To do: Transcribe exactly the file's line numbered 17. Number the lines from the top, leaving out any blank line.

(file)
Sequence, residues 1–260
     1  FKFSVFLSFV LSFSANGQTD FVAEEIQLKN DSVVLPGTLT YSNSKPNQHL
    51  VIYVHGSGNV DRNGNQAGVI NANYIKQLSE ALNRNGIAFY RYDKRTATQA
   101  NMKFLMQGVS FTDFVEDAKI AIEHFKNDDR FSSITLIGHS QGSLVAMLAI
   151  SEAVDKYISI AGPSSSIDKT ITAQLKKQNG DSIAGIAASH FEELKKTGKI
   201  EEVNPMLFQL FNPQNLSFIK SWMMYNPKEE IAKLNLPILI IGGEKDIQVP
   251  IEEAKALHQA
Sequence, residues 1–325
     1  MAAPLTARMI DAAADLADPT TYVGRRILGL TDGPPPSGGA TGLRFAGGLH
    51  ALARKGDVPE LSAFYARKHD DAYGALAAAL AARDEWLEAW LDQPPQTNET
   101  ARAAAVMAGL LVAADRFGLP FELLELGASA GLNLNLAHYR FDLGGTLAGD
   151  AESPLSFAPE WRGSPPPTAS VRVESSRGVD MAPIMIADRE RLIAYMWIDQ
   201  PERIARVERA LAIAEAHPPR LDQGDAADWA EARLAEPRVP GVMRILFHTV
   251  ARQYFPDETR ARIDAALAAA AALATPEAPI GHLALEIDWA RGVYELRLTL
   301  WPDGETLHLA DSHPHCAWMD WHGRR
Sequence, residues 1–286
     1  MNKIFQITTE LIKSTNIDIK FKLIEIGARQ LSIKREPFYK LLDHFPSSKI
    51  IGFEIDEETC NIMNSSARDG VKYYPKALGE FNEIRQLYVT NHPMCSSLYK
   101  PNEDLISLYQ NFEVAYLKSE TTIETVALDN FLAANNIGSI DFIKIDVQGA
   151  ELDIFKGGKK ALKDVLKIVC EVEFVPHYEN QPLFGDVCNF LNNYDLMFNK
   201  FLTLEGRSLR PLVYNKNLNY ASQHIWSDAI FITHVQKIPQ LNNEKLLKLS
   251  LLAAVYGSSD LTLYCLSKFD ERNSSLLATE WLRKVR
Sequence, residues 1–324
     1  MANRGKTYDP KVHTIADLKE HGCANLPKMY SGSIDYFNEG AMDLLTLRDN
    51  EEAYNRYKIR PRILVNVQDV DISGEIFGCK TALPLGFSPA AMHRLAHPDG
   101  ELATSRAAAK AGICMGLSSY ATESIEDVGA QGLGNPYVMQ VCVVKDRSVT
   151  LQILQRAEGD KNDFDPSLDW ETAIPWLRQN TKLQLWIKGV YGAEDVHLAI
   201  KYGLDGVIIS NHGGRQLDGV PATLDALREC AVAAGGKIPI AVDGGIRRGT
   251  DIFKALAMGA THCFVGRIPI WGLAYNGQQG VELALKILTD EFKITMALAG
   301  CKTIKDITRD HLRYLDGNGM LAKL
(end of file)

     1  MNKIFQITTE LIKSTNIDIK FKLIEIGARQ LSIKREPFYK LLDHFPSSKI